TV Eye: Zeroing in on a ZIP Code
Filmmaking brothers turn a camera on their hometown in 45365
This is the time of year when thoughts of family, friends, and faith come to the forefront. Pop culture teaches us that this season is either full of idyllic wonder or something to morosely trudge through. The truth, I suspect, is somewhere in the middle. Which is why I'd like to nominate 45365 as another of the must-watch films during this holiday season: It hits all the notes about home and family and place just right. The independent film – by first-time directors and brothers Bill Ross IV and Turner Ross – screens as the next Independent Lens feature on PBS.
No, there aren't any sleigh bells ringing or angels visiting the small town of Sidney, Ohio, the Ross brothers' hometown and the centerpiece of their film (the title of which is Sidney's ZIP code). Most of all, there is no droll voiceover or pushy score to remind us how we're supposed to feel. All we receive are images and ambient sound. People do speak – with amazing candor, it seems – which is a testament to the insider access the filmmakers had with the people and places of their hometown. But it's what's said in the silences that makes the film so incredibly fascinating, funny, magical, and ultimately moving.
Filmed over nine months, the Ross brothers take their camera all over Sidney, capturing what some might call the unseemly (there's a straight-out-of-Cops moment in which a bare-chested man is arrested), alongside the congenial (as when a gathering of elderly women at a nursing home discusses their needs and likes in men – and I don't think they're talking about having someone around to open a stubborn jar or kill a spider). All the subjects are treated with evenhanded respect and dignity.
There are many familiar and endearing images for anyone who grew up in the Midwest; the film takes flight when the camera settles its gaze on the otherwise ordinary and reveals another layer, and then another. I suspect these moments occur for viewers at various places, but I know that my first moment came when watching children flying through the air on a carnival ride at night. Magical! Another moment was listening to the bare-chested man in the back of the squad car, speaking to the cop who'd just arrested him. I can't even tell you why it's touching – it's something like when a distant relative or stranger is able to reveal his truths to you but is unable to articulate the same to his intimates. That the Ross brothers captured these moments is nothing short of remarkable.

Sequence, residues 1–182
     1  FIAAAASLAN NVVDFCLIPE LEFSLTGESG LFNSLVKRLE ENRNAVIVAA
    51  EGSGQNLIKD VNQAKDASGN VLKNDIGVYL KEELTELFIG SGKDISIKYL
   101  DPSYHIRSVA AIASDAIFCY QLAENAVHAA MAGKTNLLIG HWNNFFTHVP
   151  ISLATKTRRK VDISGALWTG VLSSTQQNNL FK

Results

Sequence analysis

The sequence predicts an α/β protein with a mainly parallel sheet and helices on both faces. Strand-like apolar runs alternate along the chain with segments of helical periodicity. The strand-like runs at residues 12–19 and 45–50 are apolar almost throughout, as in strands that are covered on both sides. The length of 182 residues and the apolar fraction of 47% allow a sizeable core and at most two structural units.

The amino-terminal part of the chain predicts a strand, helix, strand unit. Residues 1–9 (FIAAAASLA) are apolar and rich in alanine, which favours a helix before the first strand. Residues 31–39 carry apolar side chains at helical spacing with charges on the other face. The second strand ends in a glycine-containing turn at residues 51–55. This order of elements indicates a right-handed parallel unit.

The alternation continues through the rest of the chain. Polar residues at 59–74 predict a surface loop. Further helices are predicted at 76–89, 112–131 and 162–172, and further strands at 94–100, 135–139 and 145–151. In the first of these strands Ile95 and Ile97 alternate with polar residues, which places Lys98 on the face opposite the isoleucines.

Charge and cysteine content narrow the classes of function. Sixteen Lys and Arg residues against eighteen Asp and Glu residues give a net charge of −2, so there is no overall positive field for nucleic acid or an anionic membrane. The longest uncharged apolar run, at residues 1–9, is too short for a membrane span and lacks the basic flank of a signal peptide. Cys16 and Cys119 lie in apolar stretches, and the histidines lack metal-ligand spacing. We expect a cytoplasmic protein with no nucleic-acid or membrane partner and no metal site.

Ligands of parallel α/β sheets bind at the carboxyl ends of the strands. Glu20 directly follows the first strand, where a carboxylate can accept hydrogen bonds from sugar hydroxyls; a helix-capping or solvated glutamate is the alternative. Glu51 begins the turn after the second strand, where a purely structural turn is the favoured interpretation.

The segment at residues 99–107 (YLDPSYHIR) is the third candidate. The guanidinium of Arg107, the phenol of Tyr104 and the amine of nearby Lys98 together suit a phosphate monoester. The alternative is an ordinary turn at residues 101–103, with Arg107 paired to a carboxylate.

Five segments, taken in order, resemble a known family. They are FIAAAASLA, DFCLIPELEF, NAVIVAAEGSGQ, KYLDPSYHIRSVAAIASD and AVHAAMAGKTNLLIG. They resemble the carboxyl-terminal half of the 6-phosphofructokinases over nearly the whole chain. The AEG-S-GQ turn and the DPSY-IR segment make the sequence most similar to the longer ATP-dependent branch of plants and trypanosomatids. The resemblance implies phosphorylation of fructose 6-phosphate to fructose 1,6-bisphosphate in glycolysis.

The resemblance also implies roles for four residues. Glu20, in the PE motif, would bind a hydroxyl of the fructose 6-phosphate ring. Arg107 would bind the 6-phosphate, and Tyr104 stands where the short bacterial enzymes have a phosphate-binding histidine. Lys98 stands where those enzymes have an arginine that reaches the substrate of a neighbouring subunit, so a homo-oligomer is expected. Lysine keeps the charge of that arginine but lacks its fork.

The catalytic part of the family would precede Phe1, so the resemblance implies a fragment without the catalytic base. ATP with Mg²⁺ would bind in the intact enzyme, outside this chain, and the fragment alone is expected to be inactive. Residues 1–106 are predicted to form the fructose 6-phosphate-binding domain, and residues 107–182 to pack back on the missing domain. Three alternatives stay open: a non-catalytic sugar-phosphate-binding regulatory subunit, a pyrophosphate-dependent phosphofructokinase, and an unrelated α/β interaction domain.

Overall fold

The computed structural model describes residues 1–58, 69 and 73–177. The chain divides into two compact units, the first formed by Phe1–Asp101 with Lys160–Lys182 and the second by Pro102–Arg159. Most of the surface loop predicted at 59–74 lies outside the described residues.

45365 won the 2009 Documentary Feature Grand Jury Award at the South by Southwest Film Festival as well as the Chaz and Roger Ebert Truer Than Fiction Award at the 2010 Independent Spirit Awards. "[T]his achingly beautiful film ... evokes what Winesburg, Ohio might have looked like as a documentary," Roger Ebert of the Chicago Sun-Times wrote. I couldn't have said it better myself.
45365 airs Tuesday, Dec. 14, at 9pm on PBS.
Later this month, PBS broadcasts The Calling. I've only seen the first part of this two-part event, and I can't wait for more. Unlike the well-meaning but turgid God in America (which you can watch online at www.pbs.org), The Calling follows seven contemporary Catholic, Protestant, Jewish, and Muslim Americans who have heard the call of their faith and are determining the best way to follow their individual paths.
"The United States is one of the most religiously observant and spiritually diverse countries in the world," the film's press materials point out, "yet mainstream media has surprisingly underrepresented the significance of faith in the U.S. Pluralism has been explored almost exclusively in terms of race and culture, while explorations of faith often focus on scandals or extremism." Very true, which is why this nuanced, intimate, and sincere film is so enormously engaging.
More on this two-part, four-hour screening in next week's "TV Eye."
As always, stay tuned.
E-mail Belinda Acosta at email@example.com.